We’ve now reached the halfway point of Marvel’s Guardians of the Galaxy: A Telltale Series, and going off the cliffhanger of the last episode, there’s still a good amount of ground to cover. More Than A Feeling, the third episode of the series, is the shortest chapter so far, but arguably one that has the most consequences for the Guardians going forward. For the first time in the series, it feels like the stakes have actually been raised.
Picking up directly after the conclusion of Under Pressure, Star-Lord and Gamora have arrived at Emnios to confront whatever’s sending the team visions of their past. Before they do that, though, we once again delve into their memories to learn a little more about each of them. For Peter Quill, it’s a confrontation with the school-yard bully he previously fought. For Gamora, we find out what happened between her and Nebula that drove them apart. Admittedly, the screwed up relationship between the daughters of Thanos is something both films have covered, but it’s still an engaging storyline beat.
After the two Guardians relive these less than fantastic memories, they finally confront the being that’s been giving them such trouble. Perhaps surprisingly, the messenger is revealed to be Mantis, a powerful empath who has been locked away for centuries. She claims to already know who Peter Quill is, which explains why she contacted him in the first place, and that he’s known as the Celestial One. Quill has no idea what she’s talking about, but since she knows about the Eternity Forge, she’s brought aboard the Milano to help figure out what to do with the mysterious device. With Mantis and, potentially, Nebula now tagging along, a fractured Guardians team must deal with the ramifications of a galaxy-altering decision.
More Than A Feeling is an episode largely designed to move the storyline of Guardians of the Galaxy forward. After the detour to Halfworld last episode, this one was clearly designed to get things back on track. And as much as I enjoyed the trip into Rocket’s past, I’m okay with this decision. The main story has been the weakest aspect of this particular Telltale series so far, and if the studio has to reign in their focus in order to make it more engaging, so be it. While I’m still not entirely sold on Hala the Accuser as an interesting villain, at least the end of the episode makes her into more of a threat, regardless of what you decide to do with the Eternity Forge.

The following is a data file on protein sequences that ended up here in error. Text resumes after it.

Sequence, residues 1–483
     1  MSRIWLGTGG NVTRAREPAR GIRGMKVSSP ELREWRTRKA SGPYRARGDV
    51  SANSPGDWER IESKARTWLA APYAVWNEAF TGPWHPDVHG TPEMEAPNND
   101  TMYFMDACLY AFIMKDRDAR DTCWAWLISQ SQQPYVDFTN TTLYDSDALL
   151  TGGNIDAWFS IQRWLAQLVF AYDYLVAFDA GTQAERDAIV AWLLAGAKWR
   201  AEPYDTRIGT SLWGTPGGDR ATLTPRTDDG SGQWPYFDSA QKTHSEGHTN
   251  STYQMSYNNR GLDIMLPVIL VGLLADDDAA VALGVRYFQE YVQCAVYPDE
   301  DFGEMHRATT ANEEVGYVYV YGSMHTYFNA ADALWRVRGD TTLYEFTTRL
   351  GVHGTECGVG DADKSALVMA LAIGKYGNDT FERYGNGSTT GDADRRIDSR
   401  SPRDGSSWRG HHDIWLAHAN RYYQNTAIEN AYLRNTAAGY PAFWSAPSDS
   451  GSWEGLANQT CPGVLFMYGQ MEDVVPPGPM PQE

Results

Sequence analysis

While I thought Rocket’s arc last episode explored some new depth for the character, the shared memory of Gamora and Nebula was less interesting. We already knew that the two have (for the most part) always been at each other’s throat, and the breaking point for them would be tough for either of them to come back from. Perhaps this is why it felt that the potential reunion between the two felt like it all happened too quickly. In the previous chapter they were too willing to kill each other, but by the end of this one, they’re performing tag-team maneuvers like the Hart Foundation. You could theoretically further divide the two by making some rather boneheaded decisions, but the bond between them shouldn’t have felt so easy to repair.
Even if the story of Guardians of the Galaxy is firing on all cylinders, there’s still the problem of the technology Telltale keeps trotting out for their titles. This is an engine that already seemed shaky back in 2012 with The Walking Dead, and five years later, things haven’t gotten better. Character models still struggle to properly display emotion, the action segments are still clunky, and the game still frequently stutters and under performs. It’s hard to believe it’s an Xbox One title when you’re playing it. At this point, though, I’m not sure when the studio will ever get around to overhauling things.
These recurring problems are present in addition to the disastrous bugs that More Than A Feeling falls victim to. For starters, the game wouldn’t even launch the day it was made available for purchase. I had to redownload everything in order to get it to even boot. Once I was able to actually start playing the episode, I ran into a pair of game-breaking bugs that prevented me from finishing the game’s fifth chapter.
In order to get past these issues, I had to redownload the episode AGAIN. Finally, after two days and two downloads, I was finally able to finish the sub-2 hour story. These technical bugs are ridiculous (not to mention unacceptable), and these issues feel like they are becoming more and more common for Telltale. They desperately need to work on their QA, but considering they currently have at least five projects in the works, I’m not sure things will get better any time soon.
Marvel’s Guardians of the Galaxy – Episode 3: More Than A Feeling is a decent, but ultimately underwhelming, episode of the series. The same problems that permeate pretty much all Telltale projects (lackluster action sequences, countless bugs) continue to be an issue here. It’s hard to keep giving the studio a pass for these mistakes and design decisions, particularly when the story hasn’t been able to make up for it.
However, with the additions of Mantis and Nebula, as well as the fact that the main plot finally seems to be going somewhere, things appear to be improving. There’s still a chance for Guardians to deliver the thrills and emotional story worthy of the characters, but time is running out.
This review was based on the Xbox One version of the title, which we were provided with.
While More Than A Feeling at least gives Telltale's fledgling series direction, the surprisingly brisk length and game-breaking bugs place it among the studio's lesser efforts.